In "Measuring results", the book tries to get a grasp of where to start measuring your work. He's not so strong here and often ends up quoting others at length, like Katie Paine from her book called, "Measuring Public Relations." She called for clear definitions of objectives, criteria and benchmarking. It's just good common sense. Gillian is convinced that you have to model what success will look like.

    If Gillin is right that the only two sins of new media world is fear and inaction, his inspiration but not his lack of deep insight should be enough to get you acting. As he says, "Keep it simple, make it personal and give people a reason to pass it on."

    1 out of 2 people found this review helpful.

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  • Posted April 1, 2009

    Succinct, humorous and timely...

    Too often, those of us on technology marketing teams fall into the trap of spending far too much time focusing on our own social media tools, technologies and strategies - and not enough time on the bigger picture of the dramatic implications of the social media advances happening all around us. I've found Paul Gillin's "Secret's of Social Media Marketing" to be a much-needed 'heads up', a step-by-step common sense blueprint for anyone who's moving, at whatever speed, into this vast, powerful communication phenomenon. Paul's style is relaxed and conversational as he draws the reader in, page after page, with often humorous anecdotes of the successes and failures of companies as they implement social marketing strategies - all ending with a what to do - and more importantly what not to do - moral to the story. Not only are the social media giants like FaceBook, YouTube and Digg are a part of his conversation but equal billing is given to the niche players like StumbleUpon, Reddit and Squidoo.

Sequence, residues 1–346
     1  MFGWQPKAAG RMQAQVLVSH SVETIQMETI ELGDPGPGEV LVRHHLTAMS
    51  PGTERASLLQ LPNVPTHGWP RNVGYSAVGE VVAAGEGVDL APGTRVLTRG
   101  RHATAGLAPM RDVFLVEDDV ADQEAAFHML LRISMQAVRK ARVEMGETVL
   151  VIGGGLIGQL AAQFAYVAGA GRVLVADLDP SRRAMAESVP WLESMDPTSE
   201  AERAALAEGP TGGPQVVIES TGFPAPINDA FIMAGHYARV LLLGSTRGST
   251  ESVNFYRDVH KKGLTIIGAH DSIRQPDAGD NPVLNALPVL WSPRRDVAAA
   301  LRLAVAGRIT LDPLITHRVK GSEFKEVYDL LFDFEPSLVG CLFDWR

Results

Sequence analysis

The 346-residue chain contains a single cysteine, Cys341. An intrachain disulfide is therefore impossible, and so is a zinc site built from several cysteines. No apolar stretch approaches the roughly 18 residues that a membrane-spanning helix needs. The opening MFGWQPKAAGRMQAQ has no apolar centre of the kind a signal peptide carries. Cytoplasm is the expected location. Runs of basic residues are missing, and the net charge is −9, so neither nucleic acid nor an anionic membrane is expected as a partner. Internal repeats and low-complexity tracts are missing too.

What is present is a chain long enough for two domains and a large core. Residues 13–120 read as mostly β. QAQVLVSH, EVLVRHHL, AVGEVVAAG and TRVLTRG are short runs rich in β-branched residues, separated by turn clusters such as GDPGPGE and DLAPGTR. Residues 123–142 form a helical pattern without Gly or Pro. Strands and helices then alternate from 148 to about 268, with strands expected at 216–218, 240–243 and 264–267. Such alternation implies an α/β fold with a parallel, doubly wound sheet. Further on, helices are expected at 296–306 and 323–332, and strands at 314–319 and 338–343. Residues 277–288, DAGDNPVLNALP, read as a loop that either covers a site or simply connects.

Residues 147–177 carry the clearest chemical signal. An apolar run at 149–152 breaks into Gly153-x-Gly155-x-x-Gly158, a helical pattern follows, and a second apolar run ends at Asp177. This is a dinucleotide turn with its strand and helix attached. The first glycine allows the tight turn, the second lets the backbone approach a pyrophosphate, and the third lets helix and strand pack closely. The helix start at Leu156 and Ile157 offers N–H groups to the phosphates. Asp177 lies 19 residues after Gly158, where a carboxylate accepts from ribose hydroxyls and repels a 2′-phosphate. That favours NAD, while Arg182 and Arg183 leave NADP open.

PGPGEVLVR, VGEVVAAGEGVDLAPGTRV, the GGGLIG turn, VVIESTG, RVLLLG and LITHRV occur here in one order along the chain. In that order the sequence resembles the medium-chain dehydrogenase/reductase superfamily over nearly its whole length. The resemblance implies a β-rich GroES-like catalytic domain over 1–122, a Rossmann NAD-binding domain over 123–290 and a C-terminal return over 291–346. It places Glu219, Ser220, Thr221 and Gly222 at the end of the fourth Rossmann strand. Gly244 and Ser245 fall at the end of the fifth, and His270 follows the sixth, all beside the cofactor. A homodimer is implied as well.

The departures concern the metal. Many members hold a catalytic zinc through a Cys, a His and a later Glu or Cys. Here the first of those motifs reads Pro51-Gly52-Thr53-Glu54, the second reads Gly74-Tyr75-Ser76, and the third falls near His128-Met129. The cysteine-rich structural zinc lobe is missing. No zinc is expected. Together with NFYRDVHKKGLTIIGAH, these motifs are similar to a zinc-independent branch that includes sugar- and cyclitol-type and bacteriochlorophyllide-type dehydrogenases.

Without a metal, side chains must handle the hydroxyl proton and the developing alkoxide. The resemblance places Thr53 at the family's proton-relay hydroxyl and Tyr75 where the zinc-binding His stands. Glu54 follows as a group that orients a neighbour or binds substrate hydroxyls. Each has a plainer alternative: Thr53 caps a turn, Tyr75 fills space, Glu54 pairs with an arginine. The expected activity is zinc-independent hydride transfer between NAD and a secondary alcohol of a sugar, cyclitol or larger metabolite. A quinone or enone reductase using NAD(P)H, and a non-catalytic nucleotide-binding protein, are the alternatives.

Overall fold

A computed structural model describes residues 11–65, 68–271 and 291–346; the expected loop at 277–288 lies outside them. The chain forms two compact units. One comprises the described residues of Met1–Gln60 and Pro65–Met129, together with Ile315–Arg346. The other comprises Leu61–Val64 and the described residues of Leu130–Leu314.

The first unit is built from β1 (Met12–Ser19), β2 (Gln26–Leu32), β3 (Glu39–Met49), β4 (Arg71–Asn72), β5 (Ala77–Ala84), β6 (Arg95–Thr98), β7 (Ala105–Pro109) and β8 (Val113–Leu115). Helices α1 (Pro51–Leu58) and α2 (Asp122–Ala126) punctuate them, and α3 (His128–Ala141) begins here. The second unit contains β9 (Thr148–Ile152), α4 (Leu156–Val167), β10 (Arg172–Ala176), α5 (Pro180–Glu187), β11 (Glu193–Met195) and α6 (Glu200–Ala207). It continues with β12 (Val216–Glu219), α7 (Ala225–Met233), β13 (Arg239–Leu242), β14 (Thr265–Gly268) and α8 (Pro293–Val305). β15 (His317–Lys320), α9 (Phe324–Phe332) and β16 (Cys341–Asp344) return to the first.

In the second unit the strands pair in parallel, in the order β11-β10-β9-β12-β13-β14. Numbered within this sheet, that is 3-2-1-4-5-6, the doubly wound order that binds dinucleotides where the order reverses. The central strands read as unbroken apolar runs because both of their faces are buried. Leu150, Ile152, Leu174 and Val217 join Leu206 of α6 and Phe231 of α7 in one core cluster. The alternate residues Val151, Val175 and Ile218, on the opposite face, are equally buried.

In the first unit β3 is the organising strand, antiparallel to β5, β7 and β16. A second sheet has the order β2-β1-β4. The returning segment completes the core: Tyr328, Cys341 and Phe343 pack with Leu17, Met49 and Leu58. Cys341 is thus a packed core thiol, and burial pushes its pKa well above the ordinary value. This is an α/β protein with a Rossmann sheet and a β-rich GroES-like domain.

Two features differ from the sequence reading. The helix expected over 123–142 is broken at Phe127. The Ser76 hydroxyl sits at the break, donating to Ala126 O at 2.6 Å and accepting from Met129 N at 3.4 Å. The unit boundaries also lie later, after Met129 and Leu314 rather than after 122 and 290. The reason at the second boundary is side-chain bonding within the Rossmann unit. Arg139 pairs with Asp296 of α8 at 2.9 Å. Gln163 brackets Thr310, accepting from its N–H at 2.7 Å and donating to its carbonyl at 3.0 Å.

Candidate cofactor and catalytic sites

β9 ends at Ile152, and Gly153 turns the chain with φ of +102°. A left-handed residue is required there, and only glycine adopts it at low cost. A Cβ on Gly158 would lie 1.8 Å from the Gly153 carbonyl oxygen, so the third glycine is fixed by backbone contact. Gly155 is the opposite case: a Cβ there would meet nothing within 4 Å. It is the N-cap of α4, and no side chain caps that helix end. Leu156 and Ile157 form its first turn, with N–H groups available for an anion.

My advice? Grab a copy, and one for a colleague. You might even be surprised by a mention of a project that you're involved in - as I was!